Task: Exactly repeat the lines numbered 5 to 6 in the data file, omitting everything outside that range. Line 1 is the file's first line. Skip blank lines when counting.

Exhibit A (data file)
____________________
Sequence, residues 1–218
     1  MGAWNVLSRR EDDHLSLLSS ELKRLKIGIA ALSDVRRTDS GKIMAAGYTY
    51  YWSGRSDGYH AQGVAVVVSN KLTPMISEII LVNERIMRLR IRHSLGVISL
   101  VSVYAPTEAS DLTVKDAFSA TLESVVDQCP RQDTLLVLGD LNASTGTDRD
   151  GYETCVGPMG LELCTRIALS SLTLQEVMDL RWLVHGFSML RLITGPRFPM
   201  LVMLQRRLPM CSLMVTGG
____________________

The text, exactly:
   151  GYETCVGPMG LELCTRIALS SLTLQEVMDL RWLVHGFSML RLITGPRFPM
   201  LVMLQRRLPM CSLMVTGG